From his diaries, we know that he followed the English invasion of Scotland (As a non- combatant) where forces included Greeks from Argos, under their leader, Thomas of Argos.



Argos, Greece
Argos, Greece



During the reign of Henry VIII, more Greeks arrived in Britain from the island of Rhodes, following the Knights Hospitaller, after the island was conquered by the Ottomans.




Street of Knights. Rhodes. Greece.
Street of Knights. Rhodes. Greece.


Descendants of the imperial Palaeologus dynasty came as mercenaries to Britain, their tombs can be seen in locations as far apart as Westminster Abbey and Landulph Parish Church in Cornwall.

Some of the Palaeologi fought against each other in the English Civil War.



Palaeologus tomb. Westminster Abbey London
Palaeologus tomb.
Westminster Abbey
London

Early Greco-Britons were not only soldiers and they settled permanently; one was Konstantinos Benettos, recorded as living in Clerkenwell from 1530 to 1578.

As yet, there were not enough Greeks to form a Greek community in Britain; also, at this time, there was no Greek Orthodox Church, very important to the Greeks.

Many more Greeks arrived as refugees as a result of Ottoman rule and by the late seventeenth century a large number of Greeks held high positions in London life.

Georgos Constantinos, from Skopelos, established the Grecian Coffee House in Devereaux Court (Greeks are still establishing coffee houses all over the world!) and had noteworthy customers such as Sir Isaac Newton and other members of the royal society.



Grecian Coffee house. Greek Street Soho
Grecian Coffee house.
Greek Street Soho


Constantinos Rodocanachi of Chios became physician to King Charles II.

Britain’s overseas trade with the Levant brought merchant ships to The Port of London, manned by Greeks.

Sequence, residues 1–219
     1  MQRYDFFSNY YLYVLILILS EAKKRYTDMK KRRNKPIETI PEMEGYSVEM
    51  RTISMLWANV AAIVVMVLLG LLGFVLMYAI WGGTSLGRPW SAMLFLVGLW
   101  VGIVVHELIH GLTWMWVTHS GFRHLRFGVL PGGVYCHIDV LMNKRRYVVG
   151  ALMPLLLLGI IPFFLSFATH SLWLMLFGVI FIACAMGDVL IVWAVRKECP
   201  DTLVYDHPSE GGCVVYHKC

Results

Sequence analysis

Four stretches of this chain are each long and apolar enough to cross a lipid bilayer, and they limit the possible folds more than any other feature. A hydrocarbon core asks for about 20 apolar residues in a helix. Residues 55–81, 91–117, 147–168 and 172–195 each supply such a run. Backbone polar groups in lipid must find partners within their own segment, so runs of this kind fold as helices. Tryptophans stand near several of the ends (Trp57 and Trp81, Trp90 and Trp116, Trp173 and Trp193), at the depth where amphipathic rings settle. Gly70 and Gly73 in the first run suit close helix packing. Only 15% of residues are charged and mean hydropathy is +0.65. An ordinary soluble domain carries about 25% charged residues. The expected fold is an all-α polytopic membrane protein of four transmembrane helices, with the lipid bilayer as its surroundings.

Now there were enough resident Greeks in London to justify a Greek Orthodox Church, and in 1676 about a hundred families from the islands of Samos and Melos, under bishop Joseph Gerogarinis, migrated to England and were welcomed by the Duke of York, who later was to become King Jacob II (I thought I knew all my English Kings, never heard of King Jacob though, he must have been a flash in the pan!).

King Jacob gave Greeks land in Crown Street Soho, later named Greek Street; at last, we have come to the origin of Greek Street!


Gay Hussar, Hungarian restaurant. Greek Street London.
Gay Hussar, Hungarian restaurant.
Greek Street London.


If only the first few Greeks to settle in London's Greek Street could see it now!

 Greek Street WI is packed from end to end with some of the best restaurants and eateries in London.

The first Greek Orthodox Community was founded in the 1670s, and a church was built in Soho in 1677 at the corner of Charing Cross Road and Greek Street, dedicated to The Dormition of The Virgin.

Two more events brought Greeks to Britain in the nineteenth century, commercial potential, after the defeat of Napoleon and the Diaspora, where The Greek War of Independence, caused many emigres  to settle in Britain.

Most families, from Chios and Constantinople, made their homes around Finsbury Circus, close to the heart of the shipping industry.

They were later joined by Greeks from the Aegean, Ionian, Smyrna and Athens.

Others settled in the commercial cities of Liverpool, Manchester, and later, Cardiff and Glasgow.

                       As they prospered, these Greek merchants began to settle in Bayswater.

  In 1842 a Greek school, a Greek necropolis at Norwood and a Greek Orthodox Church, later Aghia Sophia (1877) were established.


Cathedral of Aghia Sophia
Cathedral of Aghia Sophia
Moscow Road, Bayswater, London.

The Greek population of London in 1850 was only a few hundred, but in only twenty years, by 1870, the number had swelled to several thousand. 

The 2001 census shows 35.169 British residents born in Greece and 77.673 born in Cyprus.

Recent estimates show that 300,000 ethnic Greeks may reside in the U.K.

12.360 Greeks live in London, mostly around Hyde Park, Regents Park, Chelsea and Kensington.

Other large Greek communities are to be found in Sunderland, Manchester, Birmingham and Colchester.


So there you have it, a brief history of how the first Greeks arrived in Britain.
I did enjoy writing this interesting post about these amazing people!